Worksheets and No Prep Teaching Resources
Worksheets and No Prep Teaching Resources
Reading Comprehension Worksheets
Animal Themes
Prehistoric Mammals Theme Unit
Super Sloths, a Presidential Favorite

Animal Themes
Animal Themes


Super Sloths, a Presidential Favorite
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Print Super Sloths, a Presidential Favorite Reading Comprehension

Reading Level
     edHelper's suggested reading level:   grades 3 to 6
     Flesch-Kincaid grade level:   4.18

Vocabulary
     challenging words:    crosswise, inch-thick, saber-toothed, spite, plane, molds, presidential, mammal, southeastern, bird, ordinary, scientist, explorer, finding, skeleton, roots
     content words:    Super Sloth, Super Sloths, President Thomas Jefferson, White House, President Jimmy Carter, Albert Brantley, North America, United States, South America

Other Languages
     Spanish: Superperezosos, favoritos de los presidentes


Super Sloths, a Presidential Favorite
By Colleen Messina
  

1     It's a bird! It's a plane! It's a Super Sloth! Super Sloths were slower than play dough snails and clumsier than the Abominable snowman. These prehistoric mammals were slow and large...and sweet.
 
2     Some presidents liked these Super Sloths. President Thomas Jefferson loved them so much that he once put fossils of giant sloths in the White House. Do you think they scared Mrs. Jefferson? A modern president also liked sloths. President Jimmy Carter paid for a display of one at the University of Georgia.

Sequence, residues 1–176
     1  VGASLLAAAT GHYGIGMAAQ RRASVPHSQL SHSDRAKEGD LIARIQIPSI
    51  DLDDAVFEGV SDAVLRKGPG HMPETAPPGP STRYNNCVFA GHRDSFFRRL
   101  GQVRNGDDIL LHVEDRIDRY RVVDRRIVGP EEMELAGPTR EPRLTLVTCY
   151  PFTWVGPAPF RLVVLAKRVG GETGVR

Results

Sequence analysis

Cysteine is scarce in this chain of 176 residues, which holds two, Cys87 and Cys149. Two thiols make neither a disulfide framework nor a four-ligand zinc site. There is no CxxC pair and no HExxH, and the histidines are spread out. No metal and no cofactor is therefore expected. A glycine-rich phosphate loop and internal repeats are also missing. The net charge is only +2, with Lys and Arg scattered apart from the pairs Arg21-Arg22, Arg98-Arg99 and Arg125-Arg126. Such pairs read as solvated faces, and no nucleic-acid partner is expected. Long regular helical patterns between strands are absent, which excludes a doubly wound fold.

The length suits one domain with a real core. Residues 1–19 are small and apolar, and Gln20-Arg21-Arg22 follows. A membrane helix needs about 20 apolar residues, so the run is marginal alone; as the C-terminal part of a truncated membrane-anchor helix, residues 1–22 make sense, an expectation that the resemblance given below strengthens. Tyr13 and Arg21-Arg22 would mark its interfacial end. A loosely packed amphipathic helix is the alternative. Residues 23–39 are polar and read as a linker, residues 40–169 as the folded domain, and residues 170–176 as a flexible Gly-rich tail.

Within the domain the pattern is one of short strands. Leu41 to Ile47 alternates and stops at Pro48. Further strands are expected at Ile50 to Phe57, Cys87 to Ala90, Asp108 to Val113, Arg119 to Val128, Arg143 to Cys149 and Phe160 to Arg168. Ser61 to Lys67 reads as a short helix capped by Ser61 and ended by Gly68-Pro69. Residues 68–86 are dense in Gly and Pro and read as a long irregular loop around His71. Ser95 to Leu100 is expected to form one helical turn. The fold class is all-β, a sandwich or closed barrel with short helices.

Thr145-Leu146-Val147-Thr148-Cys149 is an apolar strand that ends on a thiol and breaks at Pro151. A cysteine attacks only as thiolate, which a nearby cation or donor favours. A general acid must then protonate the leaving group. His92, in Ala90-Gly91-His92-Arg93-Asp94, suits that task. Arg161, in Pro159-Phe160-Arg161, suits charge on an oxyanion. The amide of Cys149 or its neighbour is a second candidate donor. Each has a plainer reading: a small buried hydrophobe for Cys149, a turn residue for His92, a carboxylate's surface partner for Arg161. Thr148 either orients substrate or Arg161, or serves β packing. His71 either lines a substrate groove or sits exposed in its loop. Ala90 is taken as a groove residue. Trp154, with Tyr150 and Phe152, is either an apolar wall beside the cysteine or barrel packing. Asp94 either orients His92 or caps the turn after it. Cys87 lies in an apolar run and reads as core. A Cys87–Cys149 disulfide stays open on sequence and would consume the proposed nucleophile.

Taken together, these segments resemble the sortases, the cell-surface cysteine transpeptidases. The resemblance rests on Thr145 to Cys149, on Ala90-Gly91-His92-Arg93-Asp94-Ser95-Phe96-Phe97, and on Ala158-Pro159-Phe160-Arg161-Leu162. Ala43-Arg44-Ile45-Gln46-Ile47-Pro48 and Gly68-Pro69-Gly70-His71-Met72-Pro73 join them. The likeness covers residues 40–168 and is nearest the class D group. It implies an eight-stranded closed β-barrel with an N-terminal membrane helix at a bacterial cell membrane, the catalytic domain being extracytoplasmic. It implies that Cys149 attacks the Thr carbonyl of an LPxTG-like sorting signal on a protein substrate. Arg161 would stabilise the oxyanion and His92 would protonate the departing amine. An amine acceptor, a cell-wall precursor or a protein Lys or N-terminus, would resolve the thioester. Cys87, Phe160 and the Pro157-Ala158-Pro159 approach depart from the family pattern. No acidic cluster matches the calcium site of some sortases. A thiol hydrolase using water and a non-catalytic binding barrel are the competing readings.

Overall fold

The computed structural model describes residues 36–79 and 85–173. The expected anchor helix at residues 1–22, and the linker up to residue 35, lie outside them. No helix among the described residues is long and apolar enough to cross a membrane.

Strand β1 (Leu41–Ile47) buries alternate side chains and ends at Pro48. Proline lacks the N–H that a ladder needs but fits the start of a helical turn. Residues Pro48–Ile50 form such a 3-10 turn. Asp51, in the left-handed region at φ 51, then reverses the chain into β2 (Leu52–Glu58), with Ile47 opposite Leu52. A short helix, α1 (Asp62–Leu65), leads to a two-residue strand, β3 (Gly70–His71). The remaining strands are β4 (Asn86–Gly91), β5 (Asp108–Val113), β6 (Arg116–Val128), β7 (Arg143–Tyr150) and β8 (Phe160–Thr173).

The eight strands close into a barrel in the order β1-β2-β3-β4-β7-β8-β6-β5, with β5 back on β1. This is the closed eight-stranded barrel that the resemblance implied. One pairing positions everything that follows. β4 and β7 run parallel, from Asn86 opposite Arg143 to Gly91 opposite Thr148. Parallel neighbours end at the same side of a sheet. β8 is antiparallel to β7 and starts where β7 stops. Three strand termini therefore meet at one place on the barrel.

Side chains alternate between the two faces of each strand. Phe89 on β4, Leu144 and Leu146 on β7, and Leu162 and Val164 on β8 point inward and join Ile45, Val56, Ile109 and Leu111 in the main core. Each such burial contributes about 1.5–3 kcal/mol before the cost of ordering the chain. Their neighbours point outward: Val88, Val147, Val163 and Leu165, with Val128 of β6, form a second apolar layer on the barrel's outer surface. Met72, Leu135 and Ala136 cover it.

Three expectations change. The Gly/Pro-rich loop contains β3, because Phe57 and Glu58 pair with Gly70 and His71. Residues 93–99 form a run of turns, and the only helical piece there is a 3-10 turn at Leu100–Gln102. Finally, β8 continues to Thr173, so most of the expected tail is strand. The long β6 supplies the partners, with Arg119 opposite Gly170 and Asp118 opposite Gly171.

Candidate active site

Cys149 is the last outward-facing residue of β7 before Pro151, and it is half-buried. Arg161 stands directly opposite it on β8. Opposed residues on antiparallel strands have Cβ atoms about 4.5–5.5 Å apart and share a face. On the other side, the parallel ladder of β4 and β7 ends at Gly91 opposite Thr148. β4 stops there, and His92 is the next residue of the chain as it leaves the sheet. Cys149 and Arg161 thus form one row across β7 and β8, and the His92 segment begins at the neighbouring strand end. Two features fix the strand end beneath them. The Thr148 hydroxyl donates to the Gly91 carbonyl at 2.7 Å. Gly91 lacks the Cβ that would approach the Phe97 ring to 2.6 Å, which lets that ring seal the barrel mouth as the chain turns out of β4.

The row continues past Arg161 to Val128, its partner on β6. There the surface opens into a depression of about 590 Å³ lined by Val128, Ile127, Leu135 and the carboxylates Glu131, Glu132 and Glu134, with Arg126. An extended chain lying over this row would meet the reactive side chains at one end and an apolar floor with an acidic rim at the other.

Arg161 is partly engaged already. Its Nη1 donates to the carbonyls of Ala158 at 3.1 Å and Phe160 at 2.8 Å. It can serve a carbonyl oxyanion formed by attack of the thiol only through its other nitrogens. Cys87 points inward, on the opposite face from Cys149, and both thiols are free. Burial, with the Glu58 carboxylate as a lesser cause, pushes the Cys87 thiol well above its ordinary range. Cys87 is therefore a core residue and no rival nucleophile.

3     Ditch diggers found this skeleton in 1970. They were building a highway in Georgia. Your dog would have had fun finding those big bones. A geology professor and his students were in charge of finding all the bones. They found about 350 of them. Only 209 bones were in good shape. So how did they make a skeleton without all of the bones?
 
4     One student named Albert Brantley was in charge of figuring out this prehistoric skeleton. If you think puzzles are hard, you should know that old sloth bones are much worse! It took him three years to put it together. He even went to a museum to learn about bones. That museum had some sloth skeletons already. Albert took measurements. He made rubber molds of the missing bones. Albert needed more bones to make a whole sloth. He made the other bones out of plaster.
 
5     Albert wanted his display to look real. He showed a giant sloth in a mud puddle. It wasn't just an ordinary puddle. The display shows a sticky, gooey mess that would trap the sloth into becoming a fossil forever! The sloth has two back paws and one front paw stuck in the black mud as his other paw reaches for freedom. This skeleton is only the fourth one ever to be displayed. Two others are in the Smithsonian. Another one is at a university in Scotland.

Paragraphs 6 to 11:
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Animal Themes
             Animal Themes


Prehistoric Mammals Theme Unit
             Prehistoric Mammals Theme Unit



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